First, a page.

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The most memorable Levi's 501 campaigns were based on the blues. The new one, from Foote, Cone Belding, San Francisco, is more like punk rock. Not necessarily because of the sound track, but in the sense that a) it was probably a bad idea to begin with, b) some of it is genuinely dreadful, yet c) somehow the best elements redeem the whole enterprise.

The first Levi's work since the passing of stylistic giant Mike Koelker, this 501 campaign eschews the moody textures, bluesy rhythms and preternatural hipness of the landmark Levi's advertising. Instead it ostensibly strives to convey brand benefits, by archly dramatizing the 501 reasons young people should be wearing original, button-fly blue jeans.

So there's the main problem: The premise is just the latest less-amusing knockoff of the David Letterman Top 10 list, a gag that is getting a little tired even in its natural habitat and exhausted everywhere else. The print and outdoor 501 campaigns are nakedly in Letterman's debt, with at least adolescently amusing iterations (No. 061 "Ironing sucks" and No. 002 "That's a dangerous place to put a zipper") vastly outnumbered by the lame, tedious and adolescently unamusing ones. (No. 013 "64% of female sexual fantasies include them.").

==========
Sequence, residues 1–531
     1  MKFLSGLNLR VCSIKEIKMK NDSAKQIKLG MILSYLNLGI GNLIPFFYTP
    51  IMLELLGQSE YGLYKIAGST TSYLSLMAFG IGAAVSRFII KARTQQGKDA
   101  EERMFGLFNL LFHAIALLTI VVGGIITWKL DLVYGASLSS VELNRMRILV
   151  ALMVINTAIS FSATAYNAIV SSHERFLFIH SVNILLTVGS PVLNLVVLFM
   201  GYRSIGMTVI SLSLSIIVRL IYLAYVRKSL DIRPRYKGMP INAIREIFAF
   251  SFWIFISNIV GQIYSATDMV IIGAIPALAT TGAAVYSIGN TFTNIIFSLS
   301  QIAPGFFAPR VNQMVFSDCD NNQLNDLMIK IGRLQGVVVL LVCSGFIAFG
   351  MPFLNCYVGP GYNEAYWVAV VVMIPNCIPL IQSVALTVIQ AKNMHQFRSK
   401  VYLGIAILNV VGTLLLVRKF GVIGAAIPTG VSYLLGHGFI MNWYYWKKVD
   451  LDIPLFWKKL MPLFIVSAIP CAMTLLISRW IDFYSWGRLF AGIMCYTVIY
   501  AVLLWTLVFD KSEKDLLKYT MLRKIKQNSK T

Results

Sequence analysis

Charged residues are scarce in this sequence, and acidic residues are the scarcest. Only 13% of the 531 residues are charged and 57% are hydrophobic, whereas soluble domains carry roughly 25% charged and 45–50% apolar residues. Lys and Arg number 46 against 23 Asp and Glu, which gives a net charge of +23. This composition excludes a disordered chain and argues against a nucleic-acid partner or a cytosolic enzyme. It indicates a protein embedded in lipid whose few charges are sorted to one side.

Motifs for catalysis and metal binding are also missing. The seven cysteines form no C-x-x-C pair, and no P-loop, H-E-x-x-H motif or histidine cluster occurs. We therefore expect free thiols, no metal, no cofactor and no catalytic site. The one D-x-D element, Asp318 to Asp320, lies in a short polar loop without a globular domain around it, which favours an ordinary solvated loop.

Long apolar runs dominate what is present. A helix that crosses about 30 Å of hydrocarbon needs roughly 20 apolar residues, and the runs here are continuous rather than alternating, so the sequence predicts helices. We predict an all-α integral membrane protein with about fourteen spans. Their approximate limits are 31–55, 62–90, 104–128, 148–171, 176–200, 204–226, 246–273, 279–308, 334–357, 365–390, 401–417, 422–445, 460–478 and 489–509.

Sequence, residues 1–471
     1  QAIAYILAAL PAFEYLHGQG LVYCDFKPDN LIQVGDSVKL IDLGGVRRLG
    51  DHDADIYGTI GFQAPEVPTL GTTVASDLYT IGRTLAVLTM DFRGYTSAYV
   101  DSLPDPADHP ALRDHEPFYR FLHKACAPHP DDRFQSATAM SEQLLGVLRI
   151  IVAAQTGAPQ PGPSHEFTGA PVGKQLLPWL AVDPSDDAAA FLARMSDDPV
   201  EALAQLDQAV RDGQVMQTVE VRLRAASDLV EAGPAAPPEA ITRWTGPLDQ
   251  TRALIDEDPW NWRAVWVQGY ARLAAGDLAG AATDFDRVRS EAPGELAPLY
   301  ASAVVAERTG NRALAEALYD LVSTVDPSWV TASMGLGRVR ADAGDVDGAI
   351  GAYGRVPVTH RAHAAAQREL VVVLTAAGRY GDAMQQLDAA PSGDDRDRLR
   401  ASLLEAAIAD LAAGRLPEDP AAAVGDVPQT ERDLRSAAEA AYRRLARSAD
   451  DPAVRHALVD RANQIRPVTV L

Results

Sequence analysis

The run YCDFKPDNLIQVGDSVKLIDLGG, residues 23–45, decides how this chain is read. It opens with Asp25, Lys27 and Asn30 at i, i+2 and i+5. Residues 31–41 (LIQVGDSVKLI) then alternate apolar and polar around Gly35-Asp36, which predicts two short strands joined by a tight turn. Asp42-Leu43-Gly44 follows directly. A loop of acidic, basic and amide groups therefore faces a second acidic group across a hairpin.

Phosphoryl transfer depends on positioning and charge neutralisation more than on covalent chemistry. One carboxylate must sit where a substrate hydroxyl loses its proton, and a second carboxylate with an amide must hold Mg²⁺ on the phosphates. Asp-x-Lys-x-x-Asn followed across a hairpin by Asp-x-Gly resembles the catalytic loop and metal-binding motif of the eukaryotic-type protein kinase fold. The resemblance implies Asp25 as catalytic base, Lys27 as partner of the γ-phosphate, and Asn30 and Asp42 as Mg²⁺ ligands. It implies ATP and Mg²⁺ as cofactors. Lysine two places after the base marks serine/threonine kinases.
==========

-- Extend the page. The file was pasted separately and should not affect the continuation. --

Happily, though, the derivative toptenishness is largely camouflaged in the TV format, which employs long setups to pay off tiny, but often endearing, little jokes. That deliberateness and single-mindedness of each spot is the campaign's charm.

The best of the lot is called "Prague," featuring actor/model/sibling Nick Moss tooling around the city in a forlorn Trabant, the East German ecommunobox famous for balky performance and black exhaust. Moss, the better-fed brother of Kate, does a wonderful job looking both flummoxed and cute before finally emerging from the car wearing an ugly nylon racing jacket and boxer shorts. Why his underwear? Reason No. 007 for owning 501s: "In Prague, you can trade them for a car."

Another fine and modest spot, by Gus Van Sant, director of the wonderful film "Drugstore Cowboy," captures a beat-up Volvo full of teen-age boys on a road trip through the barren West. It's all ambience and murmured snatches of conversation until day becomes night becomes dawn, and one of the kids hikes up his jeans for another leg of the journey. Reason No. 031 "They're even better the second day."

But for each of those understated gems there is an equally overwrought rhinestone cluster, notably an insufferably self-indulgent and derivative spot from director Spike Jonze in which Jonze himself is dragged behind a van by a pair of "Back to the Future"-like hippie sociopaths. Reason No. 041 "If crazed psycho killers are dragging you behind their van at high speed, they probably won't rip." Ha ha ha.

Apart from such obnoxiousness, it may take more than 501 gags to overcome Levi Strauss & Co.'s Problem No. 1: The siphoning off of blue jeans sales by the ultra-baggy look and other teen-age fancies.

All the texture and tradition in the world didn't mean squat-and neither will quasi-rational product benefits-if the target audience persists in parading around like looters of a big-and-tall-men's shop. Those kids listen to punk rock and grunge, and the 501 line ain't got nothin' but the blues.

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